El Sheita Elli Fat didn't receive one of the awards but a very warm reception and a seven-minute long, standing ovation from the entire theatre at the end of its first showing. Here is the teaser:

Akhenaton's Religious Visions a Consequence of Epilepsy?

This is the opinion of Hutan Ashrafian from Imperial College London. He believes that an heritable form of temporal lobe epilepsy in Akhenaton's family is responsible for hallucinations and religious visions, for feminised figures and an early death. Already Thutmose IV, Akhenaton's grandfather, experienced a vision which was the reason for the erection of the so called Dream Stele between the two paws of the Great Sphinx at Giza. Akhenaton's visions encouraged him to raise the status of the minor deity Aton into a supreme god. Thutmose IV, Amehotep III, Akhenaton and Tutankhamun were depicted with feminine features like unusually large breasts and wide hips. Ashrafian says that this can be explained with the fact that the temporal lobe is connected to parts of the brain involved in the release of hormones, and epileptic seizures are known to alter the levels of hormones involved in sexual development. However, the theory is almost impossible to prove because there is no definitive genetic test for epilepsy. And egyptologists regard the feminine features just as a stylistic device of the Amarna period.
Source: Hutan Ashrafian: Familial epilepsy in the pharaohs of ancient Egypt's eighteenth dynasty, in: Epilepsy & Behavior, Volume 25, Issue 1, September 2012, Pages 23-31 (

Bust of Akhenaton at Luxor Museum Depiction of brain with temporal lobe Relief of Akhenaton with his family

Long Nile Cruise from Cairo to Aswan on Board of a Dahabiya

Since 1994 Nile cruises were just allowed to operate between Cairo and Aswan. In November 2011, Egypt's tourism authority announced the resumption of the long Nile cruise, the full 14-day voyage all the way from Cairo to Aswan. In this autumn the route will be offered again for the first time.
It's particularly classy and relaxing to glide silently along the banks of the River Nile and enjoy the excellent food on board of a Dahabiya. Of course, sightseeing will not go short: the old city of Cairo, the Pyramids of Giza, Hawara, Meidum and Dahshur, the rock-cut tombs of Beni Hassan and Akhenaton's capital Amarna - to name but a few.
On 2 October 2012 the first Dahabiya of one of our business partners will start in Cairo. The sailing ship is a duplicate of one of the ancient sailing boats that already fascinated wealthy European travellers in the beginning of the 19th century. Do you want to be in on it? You may opt between the 15-day route from Cairo to Aswan and the 10-day route from Cairo to Luxor. Contact us for further details.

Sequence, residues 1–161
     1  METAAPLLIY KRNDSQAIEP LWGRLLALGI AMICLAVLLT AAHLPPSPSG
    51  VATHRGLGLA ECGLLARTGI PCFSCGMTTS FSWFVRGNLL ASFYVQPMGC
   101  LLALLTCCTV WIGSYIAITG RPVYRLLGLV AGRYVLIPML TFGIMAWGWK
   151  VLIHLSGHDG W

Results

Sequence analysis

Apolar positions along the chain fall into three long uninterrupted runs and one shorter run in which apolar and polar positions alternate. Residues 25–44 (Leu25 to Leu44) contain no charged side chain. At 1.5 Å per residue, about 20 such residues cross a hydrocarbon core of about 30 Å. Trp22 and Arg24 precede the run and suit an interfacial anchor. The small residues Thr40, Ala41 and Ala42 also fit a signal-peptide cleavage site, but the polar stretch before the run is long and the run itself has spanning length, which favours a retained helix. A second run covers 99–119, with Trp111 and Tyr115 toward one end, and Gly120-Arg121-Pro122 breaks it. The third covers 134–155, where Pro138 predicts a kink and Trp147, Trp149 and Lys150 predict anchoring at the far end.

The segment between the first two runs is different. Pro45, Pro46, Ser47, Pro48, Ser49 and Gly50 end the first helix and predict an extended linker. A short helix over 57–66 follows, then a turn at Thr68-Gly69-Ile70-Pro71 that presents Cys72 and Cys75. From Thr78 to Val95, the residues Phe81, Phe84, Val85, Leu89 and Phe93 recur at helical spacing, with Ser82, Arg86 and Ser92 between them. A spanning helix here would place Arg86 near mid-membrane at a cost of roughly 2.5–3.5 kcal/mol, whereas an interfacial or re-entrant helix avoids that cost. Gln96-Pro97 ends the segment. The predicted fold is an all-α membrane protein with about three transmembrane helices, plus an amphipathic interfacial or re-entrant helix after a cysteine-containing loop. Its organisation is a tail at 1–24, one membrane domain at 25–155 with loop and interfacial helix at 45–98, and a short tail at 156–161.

Long Nile Cruise on board of our business partner's Dahabiya Long Nile Cruise on board of our business partner's Dahabiya

1st Luxor Egyptian and European Film Festival, Luxor East Bank

(10/09/12) Update: The programm for the Luxor Egyptian and European Film Festival is online now !

After the 1st Luxor African Film Festival in February 2012 the 1st Luxor Egyptian and European Film Festival will take place from 17 to 22 September 2012.
The festival will be opened with the British movie Salmon Fishing in the Yemen by Lasse Hallström and with the Egyptian actor Amr Waked. During the 5-day festival more than 70 films will be screened, among them films and short films with Luxor as a shooting location. British films will be another focus. You can see: Harry Potter and the Deathly Hallows Part II, Jane Eyre, Sherlock Homes and the Game of Shadows, The Iron Lady and The King's Speech. Until now, a schedule is not available.
Additionally, 10 new films from Egypt, Germany, Greece, Estonia, Portugal, Romania, Serbia, Finland, France and Spain will compete for three awards: the golden (15,000 $), silver (10,000 $) and bronze (15,000 $) Djed Pillar.
Go to the Festival's Website

1st Luxor Egyptian and European Film Festival

South Asasif Conservation Project Conference, Luxor East Bank

From 1 to 4 October 2012 a conference entitled "Thebes in the First Millenium BC" will take place in Luxor's Mummification Museum organised by the South Asasif Conservation Project Team. The main focus is current archaeology and research on tombs and temples of the 25th/26th dynasties in the Theban area. The program contains presentations by renowned speakers as well as discussion panels and excursions.
Preliminary conference programm (114 KB)
Website with aAbstracts and registration form

TT223, Tomb of Karakhamun, South Asasif, Luxor West Bank TT223, Tomb of Karakhamun, South Asasif, Luxor West Bank